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Author Topic: Cragok Goat  (Read 4480 times)
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Rayne (Alýr)
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« on: 10 November 2003, 14:26:00 »

Dun di dum. La di da. GOATS!



Cragok Goat

Overview: The Cragok goat , though small in comparison to its many cousins, including the capricus, is one of the larger creatures occupying the Stone Fields of Peat. They are usually light gray in color with black undertones that help them absorb the sunlight. These goats are known for their superb balance, which helps them make their homes among the rocks of their habitat. They are fairly good jumpers as well.

Appearance: The Cragok Goat is a relatively small goat, although, compared to the other creatures in its habitat, is actually fairly large. It’s about 2 ˝ fores in length, including a small tail only about a palmspan in length. An average Cragok Goat is a little over a fore in height at the shoulder.

The body of the Cragok Goat is not unusual to its species. It has a snout, slightly stunted, with a black nose at the end. It has black eyes, as well. Males will grow horns from their skulls, hard and ridged, usually of a dark brown or even black color. They come up with a seeming straightness, but as they grow, twine back. These horns are used for butting. Their hooves are cloven and able to grip the rock, which helps with balance. Hooves are almost always black, but may also be dark brown.

The coat of the Cragok is light in color, either a light gray or a white, though some very light browns have also been seen among this species. This coat is usually relatively short in the summer months to allow the goat to remain cool, but upon the coming of autumn, these coats will become thick winter fur, helping them to keep warm when the temperature drops. The fur is interesting in that the undertone is actually black, attracting sunlight and thus helping to keep the animal warm.

Special Abilities: The Cragok Goat is unique in how well adapted it is to its environment. It’s fur is very thick, especially in the winter during which it grows thick on the goats’ hides. The undertone of the fur is black, which helps further to keep the animal warm. The goats also have gripping hooves that help them hold themselves to the rock, increasing their balance. Strong back legs also lend this animal natural jumping ability, which is helpful in moving from rock to rock.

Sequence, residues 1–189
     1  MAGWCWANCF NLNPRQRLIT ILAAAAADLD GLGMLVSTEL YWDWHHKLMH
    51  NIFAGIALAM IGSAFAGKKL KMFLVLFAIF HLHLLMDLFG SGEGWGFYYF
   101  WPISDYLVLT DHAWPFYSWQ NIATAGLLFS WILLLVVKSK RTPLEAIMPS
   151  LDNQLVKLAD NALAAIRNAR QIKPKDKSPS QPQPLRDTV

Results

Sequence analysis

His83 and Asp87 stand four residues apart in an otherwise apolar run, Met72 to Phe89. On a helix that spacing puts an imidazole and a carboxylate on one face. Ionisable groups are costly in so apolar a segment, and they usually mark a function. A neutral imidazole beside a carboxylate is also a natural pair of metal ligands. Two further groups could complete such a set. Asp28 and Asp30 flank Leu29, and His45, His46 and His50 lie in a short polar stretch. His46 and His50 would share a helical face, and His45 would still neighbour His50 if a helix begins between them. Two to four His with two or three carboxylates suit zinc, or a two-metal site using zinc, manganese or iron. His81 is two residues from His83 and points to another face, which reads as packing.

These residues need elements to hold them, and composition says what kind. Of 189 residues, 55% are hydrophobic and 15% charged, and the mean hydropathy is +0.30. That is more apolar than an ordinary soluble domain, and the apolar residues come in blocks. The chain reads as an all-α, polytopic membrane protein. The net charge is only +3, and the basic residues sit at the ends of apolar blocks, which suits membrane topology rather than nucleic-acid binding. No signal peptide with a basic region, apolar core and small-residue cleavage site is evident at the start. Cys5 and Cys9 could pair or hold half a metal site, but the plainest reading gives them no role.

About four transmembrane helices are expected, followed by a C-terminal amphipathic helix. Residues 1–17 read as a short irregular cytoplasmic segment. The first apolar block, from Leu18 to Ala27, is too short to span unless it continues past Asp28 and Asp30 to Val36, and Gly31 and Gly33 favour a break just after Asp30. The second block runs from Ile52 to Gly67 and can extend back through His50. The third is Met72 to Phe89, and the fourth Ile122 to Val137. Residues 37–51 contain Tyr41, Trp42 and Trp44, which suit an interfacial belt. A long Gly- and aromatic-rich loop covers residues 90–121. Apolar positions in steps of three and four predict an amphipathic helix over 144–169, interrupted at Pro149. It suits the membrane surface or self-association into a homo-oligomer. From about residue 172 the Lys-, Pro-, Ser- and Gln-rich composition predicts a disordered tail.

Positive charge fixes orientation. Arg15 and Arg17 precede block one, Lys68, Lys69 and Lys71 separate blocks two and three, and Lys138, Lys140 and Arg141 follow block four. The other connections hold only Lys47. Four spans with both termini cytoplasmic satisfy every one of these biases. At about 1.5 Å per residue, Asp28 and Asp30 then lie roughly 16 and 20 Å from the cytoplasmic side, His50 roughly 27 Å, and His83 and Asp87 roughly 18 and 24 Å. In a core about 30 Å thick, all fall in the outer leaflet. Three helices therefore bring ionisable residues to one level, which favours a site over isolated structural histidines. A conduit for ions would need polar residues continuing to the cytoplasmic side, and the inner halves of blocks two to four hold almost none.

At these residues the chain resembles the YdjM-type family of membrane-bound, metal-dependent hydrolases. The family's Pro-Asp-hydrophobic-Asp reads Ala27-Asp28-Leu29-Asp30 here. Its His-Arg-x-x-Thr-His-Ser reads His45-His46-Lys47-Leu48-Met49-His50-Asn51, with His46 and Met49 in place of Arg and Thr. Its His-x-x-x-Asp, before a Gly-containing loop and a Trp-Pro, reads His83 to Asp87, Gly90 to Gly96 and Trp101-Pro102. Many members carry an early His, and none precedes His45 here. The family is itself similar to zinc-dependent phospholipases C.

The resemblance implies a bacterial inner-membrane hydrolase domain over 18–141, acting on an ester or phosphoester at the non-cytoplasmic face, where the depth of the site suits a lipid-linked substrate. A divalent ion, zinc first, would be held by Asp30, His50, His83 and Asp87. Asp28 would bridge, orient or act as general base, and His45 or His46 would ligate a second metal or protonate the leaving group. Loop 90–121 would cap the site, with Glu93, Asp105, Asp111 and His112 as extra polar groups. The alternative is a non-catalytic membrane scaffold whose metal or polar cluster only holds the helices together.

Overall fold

Territory/Habitat: The Cragok goat lives in or near the Stone Fields of Peat. They are well adapted to this environment, able to live in a demanding habitat rather well. They sometime make little retreat against the rocks or in small caves where they can protect themselves against the weather. They, however, are nomadic, and thus make no permanent abode.

Behavior: The Cragok Goat is seemingly an objective and unassuming creature. These goats live in family groups, which are usually made up of between 5 and 12 members. Family groups are usually made up of a mother and her mate, as well as her most recent children. Often older female children will also stay with their mother’s group, as will their mate and children, when they gain them. When the eldest mother dies, the group will typically split up, though they have been cases where two or three sisters have kept the family together.

These families don’t usually have a strict hierarchy on who is leader, but typically the oldest female will decide where the group, as a whole, will go, and the rest will follow without complaint. They make the same routs year after year, and often the female children, when their mother has died and they are in charge of their own family group, will follow the same path as she.

Cragok Goats are nomadic, continually searching for vegetation and water sources. The group will all eat, sleep, and live together, keep each other warn during the bitter winter months. Cragok are not aggressive most of the year. When two groups meet, they will not fight but for fun and play and may even stay with each other for a while to keep each other warm, for protection against the cold. In mating season, the male goats will often be more aggressive, as adolescent males challenge each other for potential mates, and challenge older males for their current mates. It is then that there is fighting, including head-butting and kicking.

Diet: The Cragok goats can and will eat almost anything they can find, save for meat. They will, however, eat anything that is or was, at one time, a plant, such as pieces of clothing, bits of fungi, seeds, and any vegetation that grows in their habitat. Their main diet is Peat grass, though they will also eat the weeds that grow in the Stone Fields of Peat. Peat grass, however, because it does not die in the winter, is the most important food source, able to be eaten all year around, which is helpful because the Cragok does not hibernate when the weather turns cold.

Unlike many goats, the Cragok goat does not have to chew cud. The acids of the mouth and especially the stomach are very strong so that the goat doesn’t need to waste energy chewing, though they sometimes will anyway to keep themselves warm and active. The Cragok goat will digest food more slowly in the winter so that they don’t need to eat as much during the winter season.